Jacksonville Police said a student resource officer at Northside High School requested assistance around 7 a.m. after a physical altercation between students broke out inside one of the school’s common areas.
Two students were stabbed and taken to a local hospital for emergency care, where one died from their injuries. Both students were minors and their identities will not be released.
“The school resource officer who was on campus rapidly responded to the scene, with the first SRO arriving within 20 seconds and he was able to take someone in custody,” Jacksonville Police Chief Mike Yaniero said in a press conference.
A teacher is believed to have been injured in the incident, but not from being stabbed, and received medical attention on the scene, according to Yaniero. He did not disclose the nature of the teacher’s injuries but said no one else is believed to have been injured.
The chief also did not disclose the weapon used, only saying it was a stabbing incident. There is still an active scene at the school and the investigation is ongoing, Yaniero said, adding that charges are forthcoming.
Northside High School students will have a virtual day on Friday and will return to in-person classes on Tuesday, Onslow County Schools superintendent Dr. Barry Collins said in the press conference.
“Most schools need to crack down more, this is life or death”
Melissa Brison Mack, who has three children who attend the high school just one mile away from their home, said the incident “panicked” her.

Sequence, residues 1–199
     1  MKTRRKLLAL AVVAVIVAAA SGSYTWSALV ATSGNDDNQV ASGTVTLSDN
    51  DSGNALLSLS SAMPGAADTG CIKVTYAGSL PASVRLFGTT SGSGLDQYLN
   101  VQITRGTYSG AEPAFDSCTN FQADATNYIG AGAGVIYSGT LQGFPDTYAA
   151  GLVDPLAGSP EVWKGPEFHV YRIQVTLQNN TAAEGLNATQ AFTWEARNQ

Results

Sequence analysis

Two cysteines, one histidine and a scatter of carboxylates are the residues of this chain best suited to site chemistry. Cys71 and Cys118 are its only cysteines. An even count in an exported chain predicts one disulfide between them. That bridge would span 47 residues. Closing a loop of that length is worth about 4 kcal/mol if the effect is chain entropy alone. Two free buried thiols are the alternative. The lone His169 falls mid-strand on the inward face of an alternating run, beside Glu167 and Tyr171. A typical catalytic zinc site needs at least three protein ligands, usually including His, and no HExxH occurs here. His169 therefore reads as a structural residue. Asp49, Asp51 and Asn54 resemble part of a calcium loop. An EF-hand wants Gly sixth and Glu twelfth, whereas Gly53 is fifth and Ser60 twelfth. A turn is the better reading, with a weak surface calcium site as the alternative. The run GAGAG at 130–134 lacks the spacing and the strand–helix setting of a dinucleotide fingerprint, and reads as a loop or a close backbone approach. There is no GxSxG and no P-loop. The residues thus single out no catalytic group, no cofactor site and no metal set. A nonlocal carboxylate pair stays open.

Her children, who are in 9th, 10th, and 11th grade, had just gotten to school 15 minutes before classes were supposed to start when the incident took place.
“They were arriving as the chaos happened and luckily didn’t witness what happened,” Mack told CNN. “My oldest hunkered down in a friend’s car in the school parking lot and my younger two waited in the parking lot until they were instructed to head to the cafeteria for lockdown.”
The mother of six said she knew something bad happened when the school called parents asking them not to bring their children to school if they hadn’t yet.
“I’m so happy they are safe but I’m not even sure how to tell them to protect themselves at school,” Mack said. “I was just having a conversation with my oldest on the way to dance classes earlier this week about what she would do if there was a shooter and she had a good plan. But then this happens and you realize school just isn’t a safe place them to be if someone can pull out a knife on them.”
Superintendent Collins spoke at the press conference regarding safety measures the school district implements to protect students and staff, specifically by increasing the presence of student resource officers.
“We’ve put a lot of resources into the safety and security of our school district this past year, with the addition of several SROs,” Collins said. “There are other measures that we’ve taken, in terms of the swipe in door locks, cameras, and the ring-in, but there are probably some other things we’re going to have to look at and those are the types of things we’ll be looking at in the next days and weeks.”
However, Mack say it’s not enough and is urging the school to implement better policies to keep their children safe, such as a clear book bag policy or metal detectors at the front doors of the school.
“Most schools need to crack down more, this is life or death,” Mack said. “To the parents this happened to, I’m so sorry that they didn’t have the opportunity I did to pick their child up today.”
CNN’s Melissa Alonso contributed to this report.